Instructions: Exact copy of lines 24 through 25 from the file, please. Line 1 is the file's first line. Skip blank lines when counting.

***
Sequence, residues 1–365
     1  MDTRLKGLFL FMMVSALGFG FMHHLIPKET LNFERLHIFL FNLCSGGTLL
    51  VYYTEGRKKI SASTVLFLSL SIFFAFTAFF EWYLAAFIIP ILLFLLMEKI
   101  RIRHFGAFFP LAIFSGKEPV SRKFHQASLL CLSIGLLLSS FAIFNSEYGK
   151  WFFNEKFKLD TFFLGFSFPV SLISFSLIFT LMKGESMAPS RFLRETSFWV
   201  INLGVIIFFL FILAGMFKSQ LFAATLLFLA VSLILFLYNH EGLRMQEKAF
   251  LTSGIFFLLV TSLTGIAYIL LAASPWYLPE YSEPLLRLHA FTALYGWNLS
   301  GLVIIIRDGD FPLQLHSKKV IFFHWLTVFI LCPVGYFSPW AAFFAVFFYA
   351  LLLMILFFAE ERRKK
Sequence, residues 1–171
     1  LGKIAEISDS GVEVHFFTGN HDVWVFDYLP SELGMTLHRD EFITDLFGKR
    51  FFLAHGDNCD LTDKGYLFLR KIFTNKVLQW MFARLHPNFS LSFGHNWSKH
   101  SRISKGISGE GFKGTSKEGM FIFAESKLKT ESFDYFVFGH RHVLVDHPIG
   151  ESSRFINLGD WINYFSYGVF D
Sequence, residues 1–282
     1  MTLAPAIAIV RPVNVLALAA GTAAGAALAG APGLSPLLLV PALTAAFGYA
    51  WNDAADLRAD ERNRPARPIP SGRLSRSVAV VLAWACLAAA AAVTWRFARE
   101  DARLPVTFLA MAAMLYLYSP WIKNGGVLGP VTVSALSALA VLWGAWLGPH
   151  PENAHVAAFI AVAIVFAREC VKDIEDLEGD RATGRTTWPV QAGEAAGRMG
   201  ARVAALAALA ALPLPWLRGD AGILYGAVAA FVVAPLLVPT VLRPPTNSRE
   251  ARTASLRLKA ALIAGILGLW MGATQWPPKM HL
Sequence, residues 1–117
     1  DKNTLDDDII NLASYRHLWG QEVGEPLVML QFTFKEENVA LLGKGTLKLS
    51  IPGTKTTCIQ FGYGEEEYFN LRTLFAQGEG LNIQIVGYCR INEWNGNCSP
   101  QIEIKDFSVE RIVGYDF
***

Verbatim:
    51  IPGTKTTCIQ FGYGEEEYFN LRTLFAQGEG LNIQIVGYCR INEWNGNCSP
   101  QIEIKDFSVE RIVGYDF